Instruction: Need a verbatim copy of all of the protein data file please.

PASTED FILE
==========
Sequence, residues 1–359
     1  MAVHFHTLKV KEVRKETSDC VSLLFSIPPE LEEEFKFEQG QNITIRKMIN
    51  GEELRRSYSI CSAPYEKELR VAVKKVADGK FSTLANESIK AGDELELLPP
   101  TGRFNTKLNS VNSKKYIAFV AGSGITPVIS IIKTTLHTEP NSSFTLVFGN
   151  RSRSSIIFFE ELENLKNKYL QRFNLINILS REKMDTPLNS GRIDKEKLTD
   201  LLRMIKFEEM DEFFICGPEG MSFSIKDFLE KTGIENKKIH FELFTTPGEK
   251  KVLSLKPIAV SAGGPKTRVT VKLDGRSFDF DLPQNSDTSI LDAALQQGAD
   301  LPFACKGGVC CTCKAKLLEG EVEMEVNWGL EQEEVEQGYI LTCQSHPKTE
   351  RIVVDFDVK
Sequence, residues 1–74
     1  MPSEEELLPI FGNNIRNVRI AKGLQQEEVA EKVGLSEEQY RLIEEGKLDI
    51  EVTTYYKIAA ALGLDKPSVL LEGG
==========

Sequence, residues 1–359
     1  MAVHFHTLKV KEVRKETSDC VSLLFSIPPE LEEEFKFEQG QNITIRKMIN
    51  GEELRRSYSI CSAPYEKELR VAVKKVADGK FSTLANESIK AGDELELLPP
   101  TGRFNTKLNS VNSKKYIAFV AGSGITPVIS IIKTTLHTEP NSSFTLVFGN
   151  RSRSSIIFFE ELENLKNKYL QRFNLINILS REKMDTPLNS GRIDKEKLTD
   201  LLRMIKFEEM DEFFICGPEG MSFSIKDFLE KTGIENKKIH FELFTTPGEK
   251  KVLSLKPIAV SAGGPKTRVT VKLDGRSFDF DLPQNSDTSI LDAALQQGAD
   301  LPFACKGGVC CTCKAKLLEG EVEMEVNWGL EQEEVEQGYI LTCQSHPKTE
   351  RIVVDFDVK
Sequence, residues 1–74
     1  MPSEEELLPI FGNNIRNVRI AKGLQQEEVA EKVGLSEEQY RLIEEGKLDI
    51  EVTTYYKIAA ALGLDKPSVL LEGG